Things to do: Sparks and arcs

This is definitly my favourit use of high voltage :-). Note: sparks are near instantaneous discharges, whereas arcs are continuous. To get long sparks, you need high voltages, but not necessarily high discharge currents; for long arcs, you need only a moderatly high voltage, but high discharge currents. To initiate the discharge, move the electrodes together until the voltage arcs over, then pull them apart again. Some examples:

This was done with the 60kV pulses device. The porcelain plate is about 25cm in diameter, the electrodes from the two ignition coils touch it in about the middle on both sides. The discharges go along the plate surface round the edge. Photo: sensitive film (200 or 400 ASA), shutter open for about 10 sec (several discharges) plus flash to make the equipment visible. Room must be absolutely dark.

This is an arc produced with the 4kV 2000VA mains transformer . The electrodes are about 5cm apart. To ignite the arc, I brought a copper wire with long plastic handle between them; after the arc appeared, I pulled the wire away again. The arc has a upside-down-"V"-like shape, because the ionized air is extremely hot and therefore rises. If the electrodes were not bent upwards, the arc would not be stable because of this tendency to rise. Photo: nothing particular. The arc is bright enough to light the whole scene.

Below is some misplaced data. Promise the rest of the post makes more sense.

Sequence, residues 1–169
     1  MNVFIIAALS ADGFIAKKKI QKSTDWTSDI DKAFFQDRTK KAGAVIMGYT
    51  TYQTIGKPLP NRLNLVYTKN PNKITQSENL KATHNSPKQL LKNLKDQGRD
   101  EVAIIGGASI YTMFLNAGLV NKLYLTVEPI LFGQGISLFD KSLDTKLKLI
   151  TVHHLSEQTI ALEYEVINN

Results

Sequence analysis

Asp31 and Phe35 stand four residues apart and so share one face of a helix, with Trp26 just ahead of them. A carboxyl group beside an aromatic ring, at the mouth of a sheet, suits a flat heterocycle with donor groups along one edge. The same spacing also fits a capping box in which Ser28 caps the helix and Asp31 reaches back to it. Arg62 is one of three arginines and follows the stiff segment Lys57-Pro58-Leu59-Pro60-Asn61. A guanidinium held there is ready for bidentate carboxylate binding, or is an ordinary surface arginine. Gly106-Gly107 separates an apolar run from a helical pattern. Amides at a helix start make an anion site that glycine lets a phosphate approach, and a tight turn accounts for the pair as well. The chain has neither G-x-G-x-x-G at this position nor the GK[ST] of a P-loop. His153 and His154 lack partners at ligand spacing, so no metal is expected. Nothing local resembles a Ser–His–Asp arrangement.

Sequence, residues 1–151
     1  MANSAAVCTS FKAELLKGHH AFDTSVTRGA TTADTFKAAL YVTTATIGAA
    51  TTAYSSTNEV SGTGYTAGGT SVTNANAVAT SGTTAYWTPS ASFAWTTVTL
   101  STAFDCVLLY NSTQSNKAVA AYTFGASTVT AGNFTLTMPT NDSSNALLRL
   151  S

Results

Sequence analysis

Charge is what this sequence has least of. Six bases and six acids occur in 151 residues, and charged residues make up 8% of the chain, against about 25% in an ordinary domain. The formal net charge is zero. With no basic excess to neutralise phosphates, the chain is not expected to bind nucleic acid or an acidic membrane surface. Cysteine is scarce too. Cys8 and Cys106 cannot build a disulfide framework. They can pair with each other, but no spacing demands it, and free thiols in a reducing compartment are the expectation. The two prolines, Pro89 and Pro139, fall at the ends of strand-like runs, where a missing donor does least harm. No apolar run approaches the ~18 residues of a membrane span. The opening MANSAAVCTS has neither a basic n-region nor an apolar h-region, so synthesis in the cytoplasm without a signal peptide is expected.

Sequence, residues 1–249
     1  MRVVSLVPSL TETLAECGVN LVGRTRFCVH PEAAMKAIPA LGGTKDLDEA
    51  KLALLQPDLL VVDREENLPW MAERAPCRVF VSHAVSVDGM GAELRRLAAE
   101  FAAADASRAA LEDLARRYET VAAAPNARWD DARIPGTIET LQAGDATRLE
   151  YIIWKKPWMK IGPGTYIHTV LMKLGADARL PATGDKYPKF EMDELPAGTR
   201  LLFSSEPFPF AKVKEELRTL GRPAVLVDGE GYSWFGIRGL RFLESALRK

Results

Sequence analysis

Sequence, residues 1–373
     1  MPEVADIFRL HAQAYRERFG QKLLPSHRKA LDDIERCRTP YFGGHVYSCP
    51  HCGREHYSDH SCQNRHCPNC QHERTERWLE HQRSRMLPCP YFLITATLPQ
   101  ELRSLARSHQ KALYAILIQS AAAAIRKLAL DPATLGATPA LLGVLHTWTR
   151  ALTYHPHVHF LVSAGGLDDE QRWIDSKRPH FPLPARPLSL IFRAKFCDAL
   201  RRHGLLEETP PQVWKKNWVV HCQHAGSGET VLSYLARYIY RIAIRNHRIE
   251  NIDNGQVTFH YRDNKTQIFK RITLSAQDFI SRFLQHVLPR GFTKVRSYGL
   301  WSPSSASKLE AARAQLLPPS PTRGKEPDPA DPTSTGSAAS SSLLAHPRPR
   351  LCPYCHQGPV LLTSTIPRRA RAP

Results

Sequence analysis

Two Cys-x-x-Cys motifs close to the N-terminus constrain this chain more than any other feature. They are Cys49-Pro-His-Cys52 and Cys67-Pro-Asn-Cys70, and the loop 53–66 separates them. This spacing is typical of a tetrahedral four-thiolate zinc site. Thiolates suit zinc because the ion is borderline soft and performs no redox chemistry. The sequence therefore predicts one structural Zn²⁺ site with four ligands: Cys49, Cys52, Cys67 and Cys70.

Another arc with the above transformer. To avoid the difficulties with the rising air, I arranged the electrodes vertically. This way, the arc can be pulled to a length of nearly 15cm. The upper metal ball gets hot very quickly.

Jacob's ladder: two electrodes arranged in "V" shape. The arc is ignited at the point of smallest distance (bottom) and rises up till it reaches the end of the electrodes, gets too long and breaks off. Transformer: 4kV 2000VA mains. Photo: open shutter, ignite arc, wait till it has broken off, close shutter. Set the aperture to a high value (11 or 16).

Arc at the end of Jacob's ladder. Photo: just shot a the right moment.

Another nice photo of high voltage sparks is in the super-cascade section.

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Jochen Kronjaeger